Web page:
Eco-friendly luxury homes go up in flames

The Associated Press

The Associated Press

By Elizabeth M. Gillespie

WOODINVILLE, Wash. – Three seven-figure dream homes went up in flames early Monday in a Seattle suburb, apparently set by eco-terrorists who left a sign mocking the builders’ claims that the 4,000-plus-square-foot houses were environmentally friendly.

The sign – a sheet marked with spray paint – bore the initials ELF, for Earth Liberation Front, a loose collection of radical environmentalists that has claimed responsibility for dozens of attacks since the 1990s.

The sheriff’s office estimated that Monday’s pre-dawn fires did $7 million in damage to the “Street of Dreams,” a row of unoccupied, furnished luxury model homes where tens of thousands of visitors last summer eyed the latest in high-end housing, interior design and landscaping. Three homes were destroyed and two suffered smoke damage.

Crews removed incendiary devices found in the homes, Snohomish County District 7 Fire Chief Rick Eastman said. Later, however, Kelvin Crenshaw, special agent in charge of the Bureau of Alcohol, Tobacco and Firearms in Seattle, said there was no evidence such devices had been used.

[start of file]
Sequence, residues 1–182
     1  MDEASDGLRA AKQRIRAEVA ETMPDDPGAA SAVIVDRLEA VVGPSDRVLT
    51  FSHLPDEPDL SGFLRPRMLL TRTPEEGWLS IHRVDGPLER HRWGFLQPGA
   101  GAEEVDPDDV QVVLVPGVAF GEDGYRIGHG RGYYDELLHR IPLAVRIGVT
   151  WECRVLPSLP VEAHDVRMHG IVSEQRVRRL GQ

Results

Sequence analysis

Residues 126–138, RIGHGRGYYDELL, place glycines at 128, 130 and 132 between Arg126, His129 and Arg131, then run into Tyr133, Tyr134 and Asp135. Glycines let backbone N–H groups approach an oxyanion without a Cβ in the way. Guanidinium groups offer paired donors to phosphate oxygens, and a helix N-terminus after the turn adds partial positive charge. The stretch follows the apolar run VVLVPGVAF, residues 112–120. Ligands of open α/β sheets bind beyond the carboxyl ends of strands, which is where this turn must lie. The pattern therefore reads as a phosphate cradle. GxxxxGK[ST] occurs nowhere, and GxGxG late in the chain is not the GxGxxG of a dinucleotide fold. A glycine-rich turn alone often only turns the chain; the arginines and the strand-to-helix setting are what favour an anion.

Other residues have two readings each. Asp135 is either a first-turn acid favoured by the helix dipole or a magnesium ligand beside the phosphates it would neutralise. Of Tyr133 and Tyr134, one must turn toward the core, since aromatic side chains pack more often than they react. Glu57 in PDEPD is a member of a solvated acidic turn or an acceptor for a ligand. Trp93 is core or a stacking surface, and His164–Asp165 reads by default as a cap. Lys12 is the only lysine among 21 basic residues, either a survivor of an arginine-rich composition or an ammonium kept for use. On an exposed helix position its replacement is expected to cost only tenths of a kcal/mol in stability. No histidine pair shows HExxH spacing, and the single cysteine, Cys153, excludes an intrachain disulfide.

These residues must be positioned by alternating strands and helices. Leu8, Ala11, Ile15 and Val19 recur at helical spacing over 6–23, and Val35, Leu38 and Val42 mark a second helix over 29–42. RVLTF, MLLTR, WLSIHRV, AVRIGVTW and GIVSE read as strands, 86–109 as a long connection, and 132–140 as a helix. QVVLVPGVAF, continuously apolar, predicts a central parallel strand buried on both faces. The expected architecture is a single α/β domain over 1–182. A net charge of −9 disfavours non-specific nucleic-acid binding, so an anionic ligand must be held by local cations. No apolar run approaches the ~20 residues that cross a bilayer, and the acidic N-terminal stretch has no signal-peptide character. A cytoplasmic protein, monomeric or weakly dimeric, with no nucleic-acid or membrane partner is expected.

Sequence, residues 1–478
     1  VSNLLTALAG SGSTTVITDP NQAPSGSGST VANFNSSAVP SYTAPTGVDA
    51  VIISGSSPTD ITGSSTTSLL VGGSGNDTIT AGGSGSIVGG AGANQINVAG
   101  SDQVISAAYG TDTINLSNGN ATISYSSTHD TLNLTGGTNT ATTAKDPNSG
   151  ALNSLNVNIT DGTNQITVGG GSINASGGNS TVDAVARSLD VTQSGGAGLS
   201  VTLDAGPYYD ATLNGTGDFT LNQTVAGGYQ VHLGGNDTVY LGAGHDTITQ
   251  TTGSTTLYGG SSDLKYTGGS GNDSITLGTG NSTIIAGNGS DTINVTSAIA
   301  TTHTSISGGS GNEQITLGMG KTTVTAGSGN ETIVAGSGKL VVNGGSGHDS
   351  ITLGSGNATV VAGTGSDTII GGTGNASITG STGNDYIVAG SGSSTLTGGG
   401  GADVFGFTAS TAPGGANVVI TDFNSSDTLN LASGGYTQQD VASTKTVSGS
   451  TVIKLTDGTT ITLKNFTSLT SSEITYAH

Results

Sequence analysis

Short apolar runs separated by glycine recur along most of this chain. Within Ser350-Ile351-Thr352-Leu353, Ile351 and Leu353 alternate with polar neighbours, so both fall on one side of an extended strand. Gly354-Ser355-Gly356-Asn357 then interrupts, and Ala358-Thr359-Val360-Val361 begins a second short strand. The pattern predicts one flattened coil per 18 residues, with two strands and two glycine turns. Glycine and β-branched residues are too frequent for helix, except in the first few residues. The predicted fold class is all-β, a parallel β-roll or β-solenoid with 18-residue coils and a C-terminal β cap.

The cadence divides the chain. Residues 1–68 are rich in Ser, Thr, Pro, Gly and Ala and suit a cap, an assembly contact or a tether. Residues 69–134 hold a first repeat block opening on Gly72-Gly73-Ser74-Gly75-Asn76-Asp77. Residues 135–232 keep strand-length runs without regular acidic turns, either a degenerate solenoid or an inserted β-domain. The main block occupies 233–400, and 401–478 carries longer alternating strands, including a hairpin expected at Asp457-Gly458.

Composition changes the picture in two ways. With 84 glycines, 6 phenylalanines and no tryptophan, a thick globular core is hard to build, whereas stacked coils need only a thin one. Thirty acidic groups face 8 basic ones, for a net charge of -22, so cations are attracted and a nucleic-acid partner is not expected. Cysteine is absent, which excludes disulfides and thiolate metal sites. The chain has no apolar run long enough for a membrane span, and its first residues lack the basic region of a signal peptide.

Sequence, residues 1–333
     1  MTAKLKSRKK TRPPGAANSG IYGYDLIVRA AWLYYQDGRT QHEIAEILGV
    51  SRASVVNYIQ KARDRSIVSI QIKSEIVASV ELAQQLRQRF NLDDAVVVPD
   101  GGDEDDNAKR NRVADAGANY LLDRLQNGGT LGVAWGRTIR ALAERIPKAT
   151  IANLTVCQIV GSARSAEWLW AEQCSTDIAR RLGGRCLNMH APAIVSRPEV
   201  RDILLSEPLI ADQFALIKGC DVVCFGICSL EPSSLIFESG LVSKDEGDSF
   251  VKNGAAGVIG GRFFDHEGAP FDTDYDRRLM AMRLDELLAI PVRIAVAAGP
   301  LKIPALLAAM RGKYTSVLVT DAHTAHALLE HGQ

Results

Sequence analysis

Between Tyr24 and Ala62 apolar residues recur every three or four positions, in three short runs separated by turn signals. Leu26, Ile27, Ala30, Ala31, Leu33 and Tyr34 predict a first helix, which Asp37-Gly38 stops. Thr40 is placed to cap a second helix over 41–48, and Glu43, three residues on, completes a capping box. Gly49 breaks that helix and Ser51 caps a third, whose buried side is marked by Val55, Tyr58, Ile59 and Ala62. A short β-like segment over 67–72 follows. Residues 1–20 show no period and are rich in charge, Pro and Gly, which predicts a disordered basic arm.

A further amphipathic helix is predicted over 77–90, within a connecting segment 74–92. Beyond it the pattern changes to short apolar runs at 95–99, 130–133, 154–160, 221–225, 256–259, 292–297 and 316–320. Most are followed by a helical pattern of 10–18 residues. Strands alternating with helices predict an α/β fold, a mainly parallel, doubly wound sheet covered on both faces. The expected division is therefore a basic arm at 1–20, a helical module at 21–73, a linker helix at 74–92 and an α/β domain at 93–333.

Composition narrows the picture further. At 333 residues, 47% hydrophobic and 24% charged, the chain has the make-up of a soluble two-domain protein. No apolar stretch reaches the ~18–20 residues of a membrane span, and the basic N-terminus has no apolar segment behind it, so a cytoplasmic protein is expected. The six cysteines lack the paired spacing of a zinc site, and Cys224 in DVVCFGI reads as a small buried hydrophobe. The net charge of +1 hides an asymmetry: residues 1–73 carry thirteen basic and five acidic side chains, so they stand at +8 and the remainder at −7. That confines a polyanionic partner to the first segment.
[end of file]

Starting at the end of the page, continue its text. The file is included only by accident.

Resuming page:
The FBI was investigating the fires as a potential domestic terrorism act, said FBI spokesman Rich Kolko in Washington, D.C.

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No injuries were reported in the fires, which began before dawn in the wooded subdivision and were still smoldering by midmorning.

The sign left behind said in red scraggly letters, “Built Green? Nope black!” and “McMansions in RCDs r not green,” a reference to rural cluster developments.

One alleged ELF activist is on trial in Tacoma in the 2001 firebombing of the University of Washington’s Center for Urban Horticulture. Investigators had no evidence linking the fires to the trial, Seattle FBI agent Fred Gutt said.

The homes that burned were between 4,200 and 4,750 square feet, are on sale at prices up to nearly $2 million.

One of the people involved in the project said the homes used “green” techniques such as water-pervious sidewalks, super-insulated walls and windows and products made with recycled materials, such as carpet pads.

Associated Press writer Lara Jakes Jordan in Washington, D.C., and Gene Johnson in Seattle contributed to this report.